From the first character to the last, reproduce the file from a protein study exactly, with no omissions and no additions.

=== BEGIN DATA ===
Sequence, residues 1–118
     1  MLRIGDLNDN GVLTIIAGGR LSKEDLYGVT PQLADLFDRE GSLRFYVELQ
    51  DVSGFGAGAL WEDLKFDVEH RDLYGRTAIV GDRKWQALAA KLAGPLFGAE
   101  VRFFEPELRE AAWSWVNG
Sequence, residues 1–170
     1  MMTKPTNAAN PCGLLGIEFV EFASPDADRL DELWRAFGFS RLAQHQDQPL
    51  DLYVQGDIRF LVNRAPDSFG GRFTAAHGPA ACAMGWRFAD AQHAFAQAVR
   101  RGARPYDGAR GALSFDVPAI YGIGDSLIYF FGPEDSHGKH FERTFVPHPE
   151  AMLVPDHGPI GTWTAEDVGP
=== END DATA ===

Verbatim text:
Sequence, residues 1–118
     1  MLRIGDLNDN GVLTIIAGGR LSKEDLYGVT PQLADLFDRE GSLRFYVELQ
    51  DVSGFGAGAL WEDLKFDVEH RDLYGRTAIV GDRKWQALAA KLAGPLFGAE
   101  VRFFEPELRE AAWSWVNG
Sequence, residues 1–170
     1  MMTKPTNAAN PCGLLGIEFV EFASPDADRL DELWRAFGFS RLAQHQDQPL
    51  DLYVQGDIRF LVNRAPDSFG GRFTAAHGPA ACAMGWRFAD AQHAFAQAVR
   101  RGARPYDGAR GALSFDVPAI YGIGDSLIYF FGPEDSHGKH FERTFVPHPE
   151  AMLVPDHGPI GTWTAEDVGP